Active Shooter

Mourners in Sutherland Springs, Texas

There is no conference like an Orff conference. When music educators who practice the Orff philosophy gather, we celebrate. We play, sing, dance, laugh, and rejoice in the incredible privilege of sharing our love of music with children. For three days last week, that's what we did, and in every way except one, it was exactly the conference we all needed in this Age of Trump.

That one exception, though, was huge: this was the first time I've ever known a conference to begin with the host telling us what to do in the event of an active shooter.

The announcement could very well have happened anywhere the conference was held. It came, after all, just weeks after the worst mass shooting in American history--and just days after the second-worst shooting. In each case, a white American used assault weapons to slaughter innocent people who had gathered to celebrate. In the first instance, they were attending a music festival in Las Vegas. In the second, they were worshipping in a small Baptist church. And those are just the big ones: just today, there was a shooting at a school in northern California that took four lives. Every day, somewhere in America, random people are killed by bloodthirsty gun owners.

So in a time of NRA-approved terrorism, that announcement could well have been made had the conference been in Cincinnati, San Diego, or Atlantic City. That it was made in Fort Worth, though, made it even more frightening, because Texas is where the church shooting happened; but even scarier than that, of all the gun-loving states in the nation, Texas has to be near or at the top of the list.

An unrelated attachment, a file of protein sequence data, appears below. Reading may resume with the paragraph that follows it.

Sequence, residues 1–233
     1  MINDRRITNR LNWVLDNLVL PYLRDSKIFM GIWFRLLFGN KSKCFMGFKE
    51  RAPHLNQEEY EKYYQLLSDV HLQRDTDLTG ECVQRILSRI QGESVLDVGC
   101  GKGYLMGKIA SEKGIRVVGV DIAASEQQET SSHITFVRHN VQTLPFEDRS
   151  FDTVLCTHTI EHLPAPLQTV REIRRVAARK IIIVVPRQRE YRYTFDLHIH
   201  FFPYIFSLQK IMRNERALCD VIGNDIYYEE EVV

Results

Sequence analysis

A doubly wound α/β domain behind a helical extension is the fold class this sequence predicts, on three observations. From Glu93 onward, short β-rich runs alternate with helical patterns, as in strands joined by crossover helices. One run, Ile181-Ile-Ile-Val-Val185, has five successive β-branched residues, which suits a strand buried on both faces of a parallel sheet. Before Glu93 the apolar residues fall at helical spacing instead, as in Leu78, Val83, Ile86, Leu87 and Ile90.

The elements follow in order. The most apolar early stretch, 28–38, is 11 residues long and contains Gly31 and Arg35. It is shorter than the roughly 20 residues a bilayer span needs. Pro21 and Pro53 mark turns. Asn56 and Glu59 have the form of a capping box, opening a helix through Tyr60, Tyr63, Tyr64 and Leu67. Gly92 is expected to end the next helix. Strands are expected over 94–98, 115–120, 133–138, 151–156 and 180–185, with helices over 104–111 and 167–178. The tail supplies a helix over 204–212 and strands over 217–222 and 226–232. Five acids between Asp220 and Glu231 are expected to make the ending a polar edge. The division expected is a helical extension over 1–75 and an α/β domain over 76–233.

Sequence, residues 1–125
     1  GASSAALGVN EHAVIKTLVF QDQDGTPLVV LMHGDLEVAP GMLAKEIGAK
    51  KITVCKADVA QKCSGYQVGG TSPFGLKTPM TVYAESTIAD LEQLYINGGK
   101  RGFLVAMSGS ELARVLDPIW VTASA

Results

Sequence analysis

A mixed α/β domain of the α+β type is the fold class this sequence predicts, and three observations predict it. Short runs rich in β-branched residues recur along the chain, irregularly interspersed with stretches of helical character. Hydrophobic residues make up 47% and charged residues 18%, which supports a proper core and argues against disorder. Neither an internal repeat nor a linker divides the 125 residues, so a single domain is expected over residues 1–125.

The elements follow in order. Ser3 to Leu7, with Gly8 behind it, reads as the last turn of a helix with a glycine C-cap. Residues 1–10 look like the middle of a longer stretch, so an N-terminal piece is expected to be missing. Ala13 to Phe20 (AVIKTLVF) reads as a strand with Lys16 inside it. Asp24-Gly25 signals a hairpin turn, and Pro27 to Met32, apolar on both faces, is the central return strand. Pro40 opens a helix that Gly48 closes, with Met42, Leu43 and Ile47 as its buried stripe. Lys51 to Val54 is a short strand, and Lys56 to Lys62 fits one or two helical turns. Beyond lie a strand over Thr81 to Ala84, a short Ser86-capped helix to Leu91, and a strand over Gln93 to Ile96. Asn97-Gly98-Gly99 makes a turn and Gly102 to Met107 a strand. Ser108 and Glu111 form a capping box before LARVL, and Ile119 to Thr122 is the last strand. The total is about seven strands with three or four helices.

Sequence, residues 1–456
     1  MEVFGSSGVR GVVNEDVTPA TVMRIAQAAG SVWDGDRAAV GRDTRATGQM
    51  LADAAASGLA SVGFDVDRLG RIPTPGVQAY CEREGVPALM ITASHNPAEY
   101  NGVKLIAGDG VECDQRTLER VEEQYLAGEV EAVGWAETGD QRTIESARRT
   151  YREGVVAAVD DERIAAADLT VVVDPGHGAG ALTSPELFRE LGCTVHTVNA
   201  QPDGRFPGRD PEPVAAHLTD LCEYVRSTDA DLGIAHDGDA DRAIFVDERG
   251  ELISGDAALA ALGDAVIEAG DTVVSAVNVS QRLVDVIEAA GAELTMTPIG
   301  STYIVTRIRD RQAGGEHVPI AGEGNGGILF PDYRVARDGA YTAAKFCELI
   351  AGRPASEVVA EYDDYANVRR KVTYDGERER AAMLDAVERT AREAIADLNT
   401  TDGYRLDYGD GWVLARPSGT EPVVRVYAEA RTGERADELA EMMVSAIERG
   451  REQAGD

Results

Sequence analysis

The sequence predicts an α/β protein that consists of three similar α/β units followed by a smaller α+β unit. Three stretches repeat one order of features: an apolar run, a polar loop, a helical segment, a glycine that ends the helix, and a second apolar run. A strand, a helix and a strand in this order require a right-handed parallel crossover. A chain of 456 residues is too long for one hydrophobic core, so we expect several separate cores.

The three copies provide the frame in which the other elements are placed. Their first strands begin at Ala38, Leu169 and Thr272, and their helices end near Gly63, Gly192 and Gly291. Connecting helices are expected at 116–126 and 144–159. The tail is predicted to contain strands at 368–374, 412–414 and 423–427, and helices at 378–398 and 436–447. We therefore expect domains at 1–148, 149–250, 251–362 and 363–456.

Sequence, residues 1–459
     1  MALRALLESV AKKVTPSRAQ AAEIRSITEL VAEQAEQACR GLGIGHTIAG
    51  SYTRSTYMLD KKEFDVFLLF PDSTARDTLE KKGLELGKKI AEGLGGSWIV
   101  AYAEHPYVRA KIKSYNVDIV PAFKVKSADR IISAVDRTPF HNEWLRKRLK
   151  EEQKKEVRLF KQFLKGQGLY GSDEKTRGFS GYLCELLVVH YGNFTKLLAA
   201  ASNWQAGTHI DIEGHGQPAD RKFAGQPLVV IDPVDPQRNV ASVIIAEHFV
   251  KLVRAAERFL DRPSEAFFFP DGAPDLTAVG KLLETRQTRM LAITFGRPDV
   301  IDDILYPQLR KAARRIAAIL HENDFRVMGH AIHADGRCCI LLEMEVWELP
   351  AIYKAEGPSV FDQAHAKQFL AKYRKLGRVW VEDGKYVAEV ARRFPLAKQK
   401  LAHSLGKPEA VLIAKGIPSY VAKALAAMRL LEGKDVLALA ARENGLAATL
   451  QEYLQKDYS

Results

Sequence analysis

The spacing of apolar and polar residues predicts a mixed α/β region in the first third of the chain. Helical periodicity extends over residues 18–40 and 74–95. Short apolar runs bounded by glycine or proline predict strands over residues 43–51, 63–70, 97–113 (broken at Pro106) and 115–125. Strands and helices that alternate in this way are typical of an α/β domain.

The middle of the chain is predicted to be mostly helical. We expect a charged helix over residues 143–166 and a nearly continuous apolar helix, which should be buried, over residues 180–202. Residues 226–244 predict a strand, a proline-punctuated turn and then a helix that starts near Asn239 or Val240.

Heading back to the airport at the end of the conference, I shared an Uber with two other teachers. As our gregarious driver maneuvered through the DFW traffic, he held forth on many things that startled us: his opinion that San Francisco was full of illegal aliens too lazy to work (he was, himself, an immigrant from India); the joy of hunting for and eating large game animals (his Hindu parents, he told us, would be horrified if they knew); and most of all, his dedication to gun culture. He and his wife both kept guns in their glove compartments (though not when he's driving for Uber; it's against their policies, though one of my fellow teachers told us that coming from the airport to the convention center, her driver had announced he kept a gun in his car, despite that policy). Texas is an open carry state, a state in which licensed gun owners can wear their weapons or, if they happen to be too large to wear (think, again, assault rifles), carry them, as some gun activists have done, to the consternation of the patrons of the establishments they carried them into.